On an overcast frosty mid-June Sunday morning, over 20 vehicles, the oldest a 1923 Ford Model T truck, materialized outside our Redruth clubrooms for the Restoration/End of season run.

With the day organized by the Irving family, serving cups of tea and coffee to warm us before setting out, it was interesting that a fair number of vehicles present were of the canvas top variety, albeit all with the hoods up. With a variety present, a few of us were soon encountered by a Morris Marina pickup owner, keenly asking us ‘experts’ how much his vehicle was worth, one of us, Murray Martin, himself a Marina pickup owner.

Although Barry Lovegrove is now no longer with us, it was pleasing to see two of his vehicles present, his Triumph 2500S now owned by Les Wenlock, and 1980 Mini Clubman convertible, piloted by Grant Mitchell and sons.

Hitting the road after 10, we were headed south, past a fleet of Jaguar owners cars out for a run of their own, and out west into the depths of Beaconsfield, before reaching the heights of Claremont, the dips of the Taiko valley, and the hairpin turns of Cleland Road Hill. With frost covering the ground, it was a trip through Raincliff – Clive Merry’s 1928 Buick stopped at the rock art drawings – and Middle Valley, reaching the scenic Geraldine-Fairlie highway to reach the Fairlie Heritage Museum.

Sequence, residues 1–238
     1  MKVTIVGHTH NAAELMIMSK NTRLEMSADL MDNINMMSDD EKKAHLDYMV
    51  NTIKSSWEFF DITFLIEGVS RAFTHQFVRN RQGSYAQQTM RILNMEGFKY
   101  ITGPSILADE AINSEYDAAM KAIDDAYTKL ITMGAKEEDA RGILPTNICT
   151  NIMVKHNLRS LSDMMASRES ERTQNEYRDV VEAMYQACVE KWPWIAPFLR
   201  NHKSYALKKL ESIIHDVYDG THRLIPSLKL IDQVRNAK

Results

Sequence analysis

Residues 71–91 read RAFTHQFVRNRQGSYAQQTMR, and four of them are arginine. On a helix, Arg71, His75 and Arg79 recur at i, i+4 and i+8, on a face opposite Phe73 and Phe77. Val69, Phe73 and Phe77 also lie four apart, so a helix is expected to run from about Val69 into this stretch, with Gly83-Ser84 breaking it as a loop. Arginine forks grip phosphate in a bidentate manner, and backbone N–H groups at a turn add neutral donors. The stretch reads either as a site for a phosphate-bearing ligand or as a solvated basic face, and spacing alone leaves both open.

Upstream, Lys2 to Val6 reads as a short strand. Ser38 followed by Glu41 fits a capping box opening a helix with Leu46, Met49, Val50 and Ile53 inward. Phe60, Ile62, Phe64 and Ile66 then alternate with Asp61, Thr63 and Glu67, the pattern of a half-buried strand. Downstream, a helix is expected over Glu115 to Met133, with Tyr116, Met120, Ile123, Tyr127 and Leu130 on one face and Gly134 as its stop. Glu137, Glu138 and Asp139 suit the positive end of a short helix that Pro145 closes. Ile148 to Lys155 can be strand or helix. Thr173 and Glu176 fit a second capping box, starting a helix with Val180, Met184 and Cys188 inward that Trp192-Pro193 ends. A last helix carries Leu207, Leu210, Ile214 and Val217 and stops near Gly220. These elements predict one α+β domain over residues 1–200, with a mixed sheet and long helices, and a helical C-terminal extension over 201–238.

With Ollie armed with information sheets and guiding us to spaces in front of the vehicle barn, we soon set out picnic tables and chairs, braving the Mackenzie weather. Some interesting stories were told, particularly by Nola Day of the lunch stop on the recent West Coast Scenicland rally, visiting a large christian community based at Haupiri.

With the Museum having opened its vast facility for us, much time was spent looking at the cars, trucks and farm machinery on site, along with historical Mackenzie museum displays and exhibits – one member proving their musical prowess on the piano housed in the former Fairlie railway station, on site since 1976.

Thankyou to the Irving family for a rally well run.

Shannon Stevenson